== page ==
For each of these, we'll provide a pointer to major work that has been done for the family. And, we'll show how they might have melded over the generations.

Remarks: Modified: 10/11/2018

10/13/2010 -- Added a few links. For each of these, we'll have a separate post.

10/22/2010 -- We can add in other Gardner families who may have arrived later. An example would be Jasper Gardner.

10/27/2010 --Cyndi's List is a great resource. She has three Gardner-related links.
10/31/2010 -- There are several views to look into further: Thomas and Thomas (see above image), pedigree from Albert Meyers (pointer, page contents can change, recoverable by using the index), ...

12/23/2010 -- Would be derelict if I didn't mention, and use, this site by Roderic A. Davis, 2nd.

03/07/2011 -- Will note when I run across work being done for the other families (example pedigree for a grandson of John of Hingham).

03/30/2011 -- George E. Kimball III is a descendant of John of Hingham.

05/02/2011 -- At some point, we need to look at the ancestry of Thomas (and Margaret). There is one book that suggests a relationship between Thomas of Salem and George of Rhode Island (published 1907) without saying how.

05/05/2011 -- Did Thomas of Salem have a sister, Rachel?

05/08/2011 -- Updates will be collected in a new post.

04/23/2012 -- Conjectures are nice, if supported; in fact, we'll have an example of that shortly in regard to Thomas and Margaret. There are too many gaps, in many cases. We can't just fill these in without some thoughtful reason. Some families have on-going research that is supported by DNA analysis. One that I found to be interesting is the Gordon family's work. 
11/27/2012 -- George is written up in Wikipedia.

12/14/2012 -- This has been a popular post. Also, see Pg. 22 of A home of the olden days (1872) for an example of the two Thomases that Dr. Frank was mentioning.

01/11/2013 -- The question was first asked on 05/05/2011: Did Thomas of Salem have a sister named Rachel? Put her on the list, as she and her husband, Thomas, came over in 1630 (we need to identify female Gardners, too, who arrived early). See Gardner work being done at familytreecircles.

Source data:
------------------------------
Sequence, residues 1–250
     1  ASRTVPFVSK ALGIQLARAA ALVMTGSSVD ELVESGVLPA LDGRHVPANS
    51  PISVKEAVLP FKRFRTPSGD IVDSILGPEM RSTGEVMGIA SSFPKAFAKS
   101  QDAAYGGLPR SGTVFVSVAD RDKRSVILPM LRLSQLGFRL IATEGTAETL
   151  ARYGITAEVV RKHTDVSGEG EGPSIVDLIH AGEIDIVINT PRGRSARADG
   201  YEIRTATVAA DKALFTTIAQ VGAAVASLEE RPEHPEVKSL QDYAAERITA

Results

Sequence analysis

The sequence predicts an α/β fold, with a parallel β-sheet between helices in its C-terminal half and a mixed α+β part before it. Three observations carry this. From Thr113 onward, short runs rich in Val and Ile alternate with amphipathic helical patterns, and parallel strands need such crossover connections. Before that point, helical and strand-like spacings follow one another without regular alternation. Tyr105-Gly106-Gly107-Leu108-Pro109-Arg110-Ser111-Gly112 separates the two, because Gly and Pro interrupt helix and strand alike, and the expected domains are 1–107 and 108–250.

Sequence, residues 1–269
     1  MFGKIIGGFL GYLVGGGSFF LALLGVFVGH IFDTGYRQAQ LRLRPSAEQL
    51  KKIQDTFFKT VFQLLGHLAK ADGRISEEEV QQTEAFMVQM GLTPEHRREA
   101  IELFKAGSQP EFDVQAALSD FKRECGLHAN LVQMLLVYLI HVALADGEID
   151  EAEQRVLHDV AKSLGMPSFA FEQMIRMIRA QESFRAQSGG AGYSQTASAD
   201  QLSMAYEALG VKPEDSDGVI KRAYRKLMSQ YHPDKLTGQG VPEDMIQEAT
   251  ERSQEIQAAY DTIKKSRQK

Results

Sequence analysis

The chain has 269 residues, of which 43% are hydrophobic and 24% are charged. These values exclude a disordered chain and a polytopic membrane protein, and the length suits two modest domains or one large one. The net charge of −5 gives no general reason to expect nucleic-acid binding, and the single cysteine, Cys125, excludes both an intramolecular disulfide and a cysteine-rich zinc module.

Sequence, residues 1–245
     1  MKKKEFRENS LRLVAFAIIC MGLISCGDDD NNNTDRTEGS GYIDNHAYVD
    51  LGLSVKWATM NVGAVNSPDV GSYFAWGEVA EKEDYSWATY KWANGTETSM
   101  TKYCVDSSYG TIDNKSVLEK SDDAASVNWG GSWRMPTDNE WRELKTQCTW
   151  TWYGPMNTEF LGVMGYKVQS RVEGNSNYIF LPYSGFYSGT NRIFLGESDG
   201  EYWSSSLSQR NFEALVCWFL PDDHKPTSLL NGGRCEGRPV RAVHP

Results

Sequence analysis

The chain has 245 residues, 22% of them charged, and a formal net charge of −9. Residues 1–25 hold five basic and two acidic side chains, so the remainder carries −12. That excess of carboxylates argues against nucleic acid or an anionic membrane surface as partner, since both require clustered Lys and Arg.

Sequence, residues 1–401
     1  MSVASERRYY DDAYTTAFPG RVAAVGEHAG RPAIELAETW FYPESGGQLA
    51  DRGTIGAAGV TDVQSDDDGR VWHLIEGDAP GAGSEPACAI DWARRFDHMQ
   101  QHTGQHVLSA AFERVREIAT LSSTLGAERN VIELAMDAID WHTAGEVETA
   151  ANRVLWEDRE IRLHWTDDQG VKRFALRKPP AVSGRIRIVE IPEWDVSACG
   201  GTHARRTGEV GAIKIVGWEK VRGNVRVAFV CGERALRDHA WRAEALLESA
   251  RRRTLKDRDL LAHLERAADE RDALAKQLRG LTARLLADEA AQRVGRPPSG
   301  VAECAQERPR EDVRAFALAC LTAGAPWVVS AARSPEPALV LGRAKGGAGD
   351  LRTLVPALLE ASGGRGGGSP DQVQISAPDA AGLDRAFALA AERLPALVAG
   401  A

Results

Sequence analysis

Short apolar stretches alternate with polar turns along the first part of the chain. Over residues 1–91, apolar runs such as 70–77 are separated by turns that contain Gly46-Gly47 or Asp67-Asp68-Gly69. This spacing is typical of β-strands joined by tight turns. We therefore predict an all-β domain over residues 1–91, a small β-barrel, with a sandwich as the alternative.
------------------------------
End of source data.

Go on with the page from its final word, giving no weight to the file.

06/15/2013 -- John Farmer wrote that Thomas was from Scotland. Origins are, and will be, a focus.

06/15/2013 -- Was there a Thomas and a Thomas?

08/22/2013 -- The start of a look at what was what in early Salem (and New England) as far as Gardners is concerned. --- Also, added a caption to the image (which will be standard henceforth - plus edit of existing posts to make sure that images are clearly marked).

08/25/2013 -- On a site dealing with descendants of Alice Freeman, Abigail Gardner is on the list due to marrying John Wise. Hence, her father and grandfather are there, too. Thomas (before 1595 to 1638), father of Thomas and Peter. The site, by Chris Chester, is wonderful in its use of sources; too, I really like the format. We need to do something similar for the Thomas Gardners.

11/06/2014 -- Gardner Research will have this topic as one of its foci. Too, whence: general and particular.

01/03/2015 -- Benjamin Gardner of Boston/Salem (ancestor of Heather Wilkinson Rojo).

03/11/2015 -- Sourced ahnentafels (published in TEG and The Gardner Annals): Thomas Gardner of Salem descendant (Benjamin Brown Gardner - grandfather of Dr. Frank) and Thomas Gardner of Roxbury descendant (Susan Charlotte Graves Gardner - aunt of Dr. Frank).

03/12/2015 -- 1933 Gardner Book (update of Gardner list - see above). Dr. Frank's work between the first and second books is obvious from these images.

06/23/2015 -- Looking further at Rachel Gardner.

07/04/2015 -- Walter Goodwin Davis is a descendant of James Gardner of Gloucester.

05/27/2016 -- Lots more information now.

07/16/2016 -- Related work: Gardiners and Gardners.

08/01/2016 -- King Slayer's Court.

08/06/2016 -- More on All things Gardners.

10/11/2018 -- For a long time, this was our most popular post. Then, it was surpassed in readership by Marriage of Thomas and Margaret and Plus or minus the arrival. And, these are continuing research subjects. We have taken a theme of All Things Gardner, somewhat. Plus, we have to deal with whence, motivation, and a whole lot more as well as document the first five generations.